Saul resented and envied David’s increasing spirituality and wisdom.
- “And Saul was afraid of David because the Lord was with him” (David).
- “And the Spirit of God was upon David.”
- “Wherefore when Saul saw David behave himself very wisely, he was more afraid of him.”
- “And Saul saw and knew that the Lord was with David, and Saul was yet the more afraid of David; and Saul became David’s enemy continually.”
Saul’s growing resentment and anger drove away the Holy Spirit. As a result, Saul became more vulnerable to Satan’s snares.
- “And an evil spirit was upon Saul.”
- “And Saul’s angered was kindled.”
- “And Saul was afraid of David, because the Lord was with him, and was departed from Saul.”
- “And the evil spirit was upon Saul as he sat in his house with his javelin in his hand” (which he then threw at David hoping to kill him).
David’s military success and popularity threatened Saul. Even though Saul was king, the people loved and respected David more than Saul.
- “All of Israel and Judah loved David. And he was accepted in the sight of all people.”
- All the women cheered, chanted, and danced in the streets in honor of David’s victory in battle.
- And Saul was “very wroth” when he heard all the people cheering for David because David “had slain tens of thousands and Saul hath slain thousands” in battle.
- Saul’s daughter loved David and wanted to marry him.
- Saul’s son, Jonathan, loved and protected David from Saul.
Saul’s family, friends, and associates were unsympathetic to Saul’s hatred, envy, and jealousy. Instead, they defended David.
- Saul’s son, Jonathan, constantly lectures Saul. He implores Saul, “Let not the king (Saul) sin against his servant (David) because [David] has not sinned against thee, and because his works have been to thee-ward very good. Wherefore then wilt thou sin against innocent blood, to slay David without a cause?”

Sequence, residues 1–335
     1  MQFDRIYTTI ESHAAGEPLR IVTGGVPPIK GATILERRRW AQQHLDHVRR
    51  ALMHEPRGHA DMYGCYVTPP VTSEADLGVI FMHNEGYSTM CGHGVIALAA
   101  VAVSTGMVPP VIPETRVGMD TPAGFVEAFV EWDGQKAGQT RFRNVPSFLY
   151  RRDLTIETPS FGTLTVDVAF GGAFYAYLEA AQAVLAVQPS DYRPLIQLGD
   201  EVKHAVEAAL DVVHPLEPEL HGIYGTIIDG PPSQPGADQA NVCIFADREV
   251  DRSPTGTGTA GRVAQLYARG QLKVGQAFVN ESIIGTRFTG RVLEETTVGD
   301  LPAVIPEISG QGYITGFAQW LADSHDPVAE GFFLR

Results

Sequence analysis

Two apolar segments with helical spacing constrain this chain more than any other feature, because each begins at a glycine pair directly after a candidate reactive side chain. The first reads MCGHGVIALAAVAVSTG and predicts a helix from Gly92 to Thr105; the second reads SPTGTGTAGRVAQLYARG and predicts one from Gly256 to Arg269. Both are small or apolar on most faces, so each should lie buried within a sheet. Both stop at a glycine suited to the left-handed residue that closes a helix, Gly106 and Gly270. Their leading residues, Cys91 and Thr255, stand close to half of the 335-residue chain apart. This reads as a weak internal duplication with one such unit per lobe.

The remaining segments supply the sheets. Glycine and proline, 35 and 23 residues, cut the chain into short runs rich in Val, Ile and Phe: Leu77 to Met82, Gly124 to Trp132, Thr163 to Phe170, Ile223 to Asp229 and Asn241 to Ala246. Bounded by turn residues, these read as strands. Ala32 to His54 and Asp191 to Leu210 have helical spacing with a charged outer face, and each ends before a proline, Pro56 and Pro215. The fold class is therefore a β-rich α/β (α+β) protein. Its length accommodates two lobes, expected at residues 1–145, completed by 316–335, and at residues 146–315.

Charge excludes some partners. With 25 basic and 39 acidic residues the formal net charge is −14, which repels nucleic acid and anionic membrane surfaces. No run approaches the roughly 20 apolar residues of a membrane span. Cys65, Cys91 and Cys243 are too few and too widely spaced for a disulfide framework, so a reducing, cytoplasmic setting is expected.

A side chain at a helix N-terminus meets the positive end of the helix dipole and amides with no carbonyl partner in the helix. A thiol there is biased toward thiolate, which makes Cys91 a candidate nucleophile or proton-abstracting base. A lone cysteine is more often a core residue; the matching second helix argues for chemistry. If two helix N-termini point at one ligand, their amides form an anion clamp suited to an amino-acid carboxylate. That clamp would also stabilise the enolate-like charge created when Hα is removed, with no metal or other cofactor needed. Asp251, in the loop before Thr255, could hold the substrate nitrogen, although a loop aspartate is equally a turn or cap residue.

- “Jonathan spake good of David.”
- Saul’s servant said to Saul, “And who is so faithful among all thy servants as David and goeth at thy bidding, and is honorable in thine house?”
- “Jonathan knew it was determined of his father to slay David. So Jonathan arose in fierce anger for he was grieved for David because his father (Saul) had done him shame.”
Saul constantly portrayed himself as the victim.
- “All of you have conspired against me.”
- “There is none of you that is sorry for me.”
- “My son has stirred up my servants against me.”
- “Why hast thou deceived me?” (Upset because his servant didn’t kill a sleeping David, Saul accuses his servant of betrayal.)
- Saul tells his servants and soldiers how conniving David is. Saul says, “See where his haunt is, for it is told me that he dealeth very subtilly. Therefore, take knowledge of all the lurking places where he hideth himself.” It doesn’t occur to Saul that David has no choice but to be subtle and conniving because Saul is trying to kill him!)
Saul’s animosity toward David turned into an obsession.
- “And Saul continually watched and spied on David and sought to smite him.”
- “And Saul sought [David] every day, but God delivered [David] NOT into his hand.”
- “And David knew that Saul secretly practiced mischief against him.”
- “And Saul sent messengers to David’s house to watch him.”
- “Saul sent messengers to David’s house again the third time.”
- Saul eventually chased David from city to city in attempts to kill him. “And David saw that Saul was come out to seek his life.”
Saul refused to be humble and accountable for his horrific behavior—until David trapped him and held a knife to his throat. Knowing he could easily kill Saul, David chose to confront Saul instead.
- David chastised him saying, “Know and see that there is neither evil nor transgression in mine hand, and I have not sinned against thee; yet thou huntest my soul to take it. The Lord judge between me and thee and the Lord avenge me of thee, but mine hand shall not be upon thee.”